Another visit to Belltown’s Crocodile CafĂ© last night, to see the lovely and talented Robyn Hitchcock. It must be more than 10 years now since I’ve last seen him play, after seeing him many times in the ‘80s and ‘90s in Chicago and Denver and possibly somewhere else that I can no longer recall. Hell, I couldn’t even remember that I saw the Sugarcubes. You shouldn’t be able to forget an Icelandic pixie with a stunning voice and a dude with a horn blarting right at you, right? It’s possible I saw Moms Mabley and Beethoven for all I know. I’ve seen a lot of shows.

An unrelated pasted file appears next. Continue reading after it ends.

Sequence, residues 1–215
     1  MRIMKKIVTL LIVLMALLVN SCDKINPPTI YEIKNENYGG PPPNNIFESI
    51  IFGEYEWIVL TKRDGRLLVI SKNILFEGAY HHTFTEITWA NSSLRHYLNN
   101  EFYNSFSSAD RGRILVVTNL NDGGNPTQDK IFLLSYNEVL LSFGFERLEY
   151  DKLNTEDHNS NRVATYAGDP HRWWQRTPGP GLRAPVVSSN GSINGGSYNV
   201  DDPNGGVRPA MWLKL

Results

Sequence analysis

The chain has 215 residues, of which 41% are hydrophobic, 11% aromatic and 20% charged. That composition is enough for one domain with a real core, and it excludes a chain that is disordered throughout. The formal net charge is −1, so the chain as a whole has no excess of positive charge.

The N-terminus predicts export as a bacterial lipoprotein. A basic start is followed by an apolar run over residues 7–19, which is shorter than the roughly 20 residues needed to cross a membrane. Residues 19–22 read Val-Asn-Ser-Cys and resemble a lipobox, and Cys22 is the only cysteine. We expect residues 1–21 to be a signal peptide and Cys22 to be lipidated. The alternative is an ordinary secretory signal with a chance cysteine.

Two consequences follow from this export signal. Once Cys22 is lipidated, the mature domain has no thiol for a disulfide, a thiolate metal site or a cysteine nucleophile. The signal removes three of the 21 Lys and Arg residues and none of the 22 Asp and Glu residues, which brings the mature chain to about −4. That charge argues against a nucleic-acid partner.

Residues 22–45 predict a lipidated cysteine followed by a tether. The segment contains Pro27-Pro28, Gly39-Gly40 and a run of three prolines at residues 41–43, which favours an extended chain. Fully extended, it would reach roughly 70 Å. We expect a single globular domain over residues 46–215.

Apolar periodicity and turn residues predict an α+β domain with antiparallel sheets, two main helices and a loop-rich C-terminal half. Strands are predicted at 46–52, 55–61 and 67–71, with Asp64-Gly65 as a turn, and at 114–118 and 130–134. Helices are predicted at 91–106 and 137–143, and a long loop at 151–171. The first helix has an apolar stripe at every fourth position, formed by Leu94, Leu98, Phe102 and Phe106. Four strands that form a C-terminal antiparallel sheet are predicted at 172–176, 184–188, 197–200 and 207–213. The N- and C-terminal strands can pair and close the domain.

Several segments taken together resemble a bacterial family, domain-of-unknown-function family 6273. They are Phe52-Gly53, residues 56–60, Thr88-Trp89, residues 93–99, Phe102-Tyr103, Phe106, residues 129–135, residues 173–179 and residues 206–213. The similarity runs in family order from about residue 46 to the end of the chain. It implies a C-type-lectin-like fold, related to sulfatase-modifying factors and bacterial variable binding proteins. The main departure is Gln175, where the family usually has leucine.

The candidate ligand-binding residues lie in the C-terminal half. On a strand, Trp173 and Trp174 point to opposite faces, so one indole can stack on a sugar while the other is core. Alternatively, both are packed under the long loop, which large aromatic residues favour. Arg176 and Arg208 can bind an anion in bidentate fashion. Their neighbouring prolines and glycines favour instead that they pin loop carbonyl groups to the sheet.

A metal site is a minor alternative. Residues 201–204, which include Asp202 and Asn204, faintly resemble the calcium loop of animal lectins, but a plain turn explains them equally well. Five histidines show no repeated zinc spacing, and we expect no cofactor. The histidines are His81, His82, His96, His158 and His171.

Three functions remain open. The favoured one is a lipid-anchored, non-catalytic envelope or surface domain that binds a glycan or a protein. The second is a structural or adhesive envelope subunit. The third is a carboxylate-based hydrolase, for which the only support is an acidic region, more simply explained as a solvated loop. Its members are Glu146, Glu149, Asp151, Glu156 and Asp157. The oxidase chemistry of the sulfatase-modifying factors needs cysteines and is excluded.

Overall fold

As I have said, I like the Croc. It’s a good club with a good vibe. Since Seattle is the hippest town in all of the universe, it would be so easy to run a place for tools by tools, but the Croc seems to be blissfully free of that, for the most part. Adding to its allure is Via Tribunali, a yummy upscale-ish Italian place connected to the club. I was hungry and the show hadn’t started yet, so noms were had. I had a Peroni, a beer described by my waiter as “Italian Bud Lite,” a not-all-that-appealing idea but I tried it anyway. With “The Who’s Greatest Hits” playing in the background, I drank my Peroni and channeled long-ago keg parties from dissolute youth. The salame pizza was SO GOOD – fresh fresh fresh light tomato sauce and mozz and these leeeeetle tiny salami circles that curled up with crispy-edged goodness. I thought I was done with pizza forever, but man, I’d have that again in a minute. A Nutella dessert and a cappuccino that tasted like the cigarette butts of a thousand Milanese fashionistas (that’s not a bad thing, btw), and I was ready to go catch the last half of the set from openers the Young Fresh Fellows. Go eat at Via Tribunali. Damn. Yum.